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Using Inkscape and the Silhouette to create coach bogies

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  • RMweb Gold

Hi there, I'm hoping that by following on from Mike Trice's Inkscape tutorial in this forum I'm placing this tutorial in the right place. If not, please let me know where you'd like it.


This tutorial is a follow on from Mike Trice’s beginner’s guide to using Inkscape for creating cutting patterns. In the making of this tutorial I have shamelessly ripped off a number of ideas that have been detailed in the Silhouette Cameo thread, and my Wainfleet thread in my signature. I will be showing you how to create the Fox bogie in 4mm scale. I'm not some super modeller (I've been back in the fold for just over a year), but I hope that I can show how to use the Silhouette cutter to create what I thought would be impossible only a couple of months ago.

Of course there is the debate that we shouldn't be using the cutters to create things like this and we should be using castings, etc, but sometimes it's easier and more satisfying to do it yourself.

I'll be using the following:

  • .020" styrene
  • .010" styrene
  • top hat brass bearings

The plan is to:

  • Scan the bogie diagram into an image manipulation program such as Photoshop, Photoshop Elements, Gimp, Paintshop Pro, etc. I'm using Photoshop.
  • Manipulate it so that it's easy to see and straight
  • Open the result in Inkscape
  • Resize it and trace each of the lines
  • Separate out the layers
  • Import into Silhouette Studio to cut
  • Assemble the layers.

Scanning and Formatting your Diagram


We'll be tracing a printed plan to create the bogies. You can either download or scan in your plan. I’ve scanned mine in from “Historic Carriage Drawings, Vol. 1: LNER and Constituents” by Nicholas Campling. How you scan yours in will depend on your scanner, but hopefully you will end up with an image that you can manipulate. I tend to scan mine at the highest resolution possible and with as much contrast as possible.

Once you have your image in your drawing program:

  • Make sure that the horizontals are horizontal. In Photoshop you can use the ruler tool to trace a horizontal line on your plan, the longer line the better, and then use Image-> Image Rotation ->Arbitrary to line things up. Using the ruler tool first ensures that the angle needed to correct the image will already be in the box, so all you need to do is press OK.
  • If the background is greyish, and the actual drawing doesn’t jump out at you, play with the brightness and contrast until you get a good separation of line and background. If you know how to use them, then you can play around with levels to do the same sort of thing.
  • Crop the image so that just the bit you need is left. No point having a large image taking up your computer’s memory.
  • Save the result. If you save as a jpg, make sure that it is the highest quality. Better still, save your file in the png, bmp or tiff format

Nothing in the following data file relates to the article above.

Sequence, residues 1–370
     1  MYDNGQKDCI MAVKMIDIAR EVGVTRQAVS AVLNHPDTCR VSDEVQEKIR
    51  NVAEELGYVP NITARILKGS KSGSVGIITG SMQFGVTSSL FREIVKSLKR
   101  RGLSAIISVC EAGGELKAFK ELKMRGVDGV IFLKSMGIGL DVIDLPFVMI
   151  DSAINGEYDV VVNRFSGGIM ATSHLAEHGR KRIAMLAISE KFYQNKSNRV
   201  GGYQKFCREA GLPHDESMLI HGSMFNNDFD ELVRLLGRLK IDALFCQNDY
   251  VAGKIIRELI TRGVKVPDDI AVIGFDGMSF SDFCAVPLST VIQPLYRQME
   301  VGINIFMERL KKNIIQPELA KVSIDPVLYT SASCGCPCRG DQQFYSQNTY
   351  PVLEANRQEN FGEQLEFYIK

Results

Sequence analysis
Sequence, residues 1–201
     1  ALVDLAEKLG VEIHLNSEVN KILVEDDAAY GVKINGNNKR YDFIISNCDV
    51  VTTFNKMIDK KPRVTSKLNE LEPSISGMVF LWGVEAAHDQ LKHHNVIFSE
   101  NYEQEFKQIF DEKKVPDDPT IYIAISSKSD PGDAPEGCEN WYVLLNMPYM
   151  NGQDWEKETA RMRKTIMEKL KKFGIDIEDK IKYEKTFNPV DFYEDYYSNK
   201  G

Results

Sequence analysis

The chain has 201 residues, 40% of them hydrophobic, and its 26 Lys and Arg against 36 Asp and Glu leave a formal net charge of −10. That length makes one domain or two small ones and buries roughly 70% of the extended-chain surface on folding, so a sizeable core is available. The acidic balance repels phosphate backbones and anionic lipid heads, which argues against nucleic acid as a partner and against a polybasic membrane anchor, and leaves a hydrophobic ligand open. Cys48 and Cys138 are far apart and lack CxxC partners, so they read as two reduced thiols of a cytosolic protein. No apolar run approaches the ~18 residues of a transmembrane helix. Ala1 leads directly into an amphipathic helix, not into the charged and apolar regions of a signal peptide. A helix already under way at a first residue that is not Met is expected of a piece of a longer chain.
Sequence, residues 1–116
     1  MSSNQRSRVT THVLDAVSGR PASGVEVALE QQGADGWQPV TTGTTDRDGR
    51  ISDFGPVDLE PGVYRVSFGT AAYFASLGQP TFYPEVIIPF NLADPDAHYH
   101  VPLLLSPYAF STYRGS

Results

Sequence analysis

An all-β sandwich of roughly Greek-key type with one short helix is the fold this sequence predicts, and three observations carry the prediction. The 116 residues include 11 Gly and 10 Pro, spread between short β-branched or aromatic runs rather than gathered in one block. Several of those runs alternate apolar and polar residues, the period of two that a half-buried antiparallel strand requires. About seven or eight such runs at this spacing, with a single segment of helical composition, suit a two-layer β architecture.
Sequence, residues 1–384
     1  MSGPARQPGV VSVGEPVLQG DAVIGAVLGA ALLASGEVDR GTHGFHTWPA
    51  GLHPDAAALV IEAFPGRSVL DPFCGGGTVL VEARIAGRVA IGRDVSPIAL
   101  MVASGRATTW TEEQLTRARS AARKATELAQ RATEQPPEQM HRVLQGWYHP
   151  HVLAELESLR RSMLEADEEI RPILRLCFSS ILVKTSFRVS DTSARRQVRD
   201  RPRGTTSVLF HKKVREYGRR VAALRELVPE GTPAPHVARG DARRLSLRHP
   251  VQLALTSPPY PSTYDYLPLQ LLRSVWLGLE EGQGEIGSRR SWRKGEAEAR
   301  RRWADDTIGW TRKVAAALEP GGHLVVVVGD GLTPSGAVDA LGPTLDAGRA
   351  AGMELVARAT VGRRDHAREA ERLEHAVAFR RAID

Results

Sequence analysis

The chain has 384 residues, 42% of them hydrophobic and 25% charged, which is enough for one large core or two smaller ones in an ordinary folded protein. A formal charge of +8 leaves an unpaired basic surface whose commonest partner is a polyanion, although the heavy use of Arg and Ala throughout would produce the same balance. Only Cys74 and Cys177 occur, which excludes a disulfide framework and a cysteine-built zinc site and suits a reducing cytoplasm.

First of all we will need to import the image and make sure it’s the right size. I'll give you two different ways of doing this.

Resizing - Visually

Open your copy of Inkscape and use File -> Open to open the image file you just created. As you can see above, this image shows that the wheel centres are 10’ 6” apart. I'm probably teaching you to suck eggs, but 10’6”, or 10 ½ * 4 = 42, so the centres are 42mm apart in 4mm scale. I'm a visual person, so my preferred way of resizing is to:

  • Create a rectangle that is 42mm wide
  • Move the left hand edge of the rectangle over the left hand wheel centre (see image above)
  • Click on the bogie drawing so you get the resize handles
  • Choose the top right one, press the Ctrl key and move the handle in
  • You will notice that as the image gets smaller, the left hand wheel centre will no longer line up with the left side of the rectangle. Move the image over until it does
  • Repeat steps 3-5 until the sides of your rectangle touches the two wheel centres.


Resizing - Mathematically

Alternatively you can be more mathematical about resizing. When you have the bogie image selected ready to resize, you will see the following at the top of the screen:


All you need to do (!) is work out the percentage difference between the distance between the wheel centres in the original scanned image and what they should be.

  • On your original scanned image in Inkscape, draw a line or rectangle so that this time it touches both wheel centres. Click on the rectangle if it isn't selected. The image above will show the size in pixels, change the unit to mm.
  • You now know the starting distance in mm on your drawing, and you know it should be 42mm. My starting distance was 280.271mm. Using the formula (wanted size/starting size)*100 = % change, my numbers gave me
    42 / 279.856 * 100 = 14.98%. I need to reduce my image to 14.98% of its original size (it was a big scan!).
  • Select the image
  • At the top of the screen, make sure that the padlock is closed (click on it if it isn't).
  • Choose % from the unit select box
  • Type 14.98 in the width or height and press Enter

The image should now be the right size. You can check this by drawing another rectangle so that its vertical sides are touching the wheel centres and checking its width. When you are happy, delete the rectangles. If you mess it up, then just close the drawing down and reopen it.

A Quick Gotcha - Units

A quick note about that unit select box. I've noticed that it often resets itself to px, even if you use the program's preferences form to default to something else. Don't trust that the right units are being shown when you are resizing objects!